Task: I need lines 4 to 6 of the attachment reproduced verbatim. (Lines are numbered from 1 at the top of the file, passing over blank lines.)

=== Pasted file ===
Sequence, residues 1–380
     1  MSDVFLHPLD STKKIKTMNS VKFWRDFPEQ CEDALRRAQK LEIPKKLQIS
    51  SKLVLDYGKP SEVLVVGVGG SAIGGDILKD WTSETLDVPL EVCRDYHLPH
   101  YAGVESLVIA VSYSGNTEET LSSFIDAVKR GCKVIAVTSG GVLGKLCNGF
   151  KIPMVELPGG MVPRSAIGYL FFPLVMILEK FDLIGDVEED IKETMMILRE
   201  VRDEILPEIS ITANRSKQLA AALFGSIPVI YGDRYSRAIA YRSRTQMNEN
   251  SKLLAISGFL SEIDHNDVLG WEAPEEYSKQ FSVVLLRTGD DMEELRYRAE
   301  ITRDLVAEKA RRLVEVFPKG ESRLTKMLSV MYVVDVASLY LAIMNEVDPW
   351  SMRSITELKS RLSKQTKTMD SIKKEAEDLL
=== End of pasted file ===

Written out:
   101  YAGVESLVIA VSYSGNTEET LSSFIDAVKR GCKVIAVTSG GVLGKLCNGF
   151  KIPMVELPGG MVPRSAIGYL FFPLVMILEK FDLIGDVEED IKETMMILRE
   201  VRDEILPEIS ITANRSKQLA AALFGSIPVI YGDRYSRAIA YRSRTQMNEN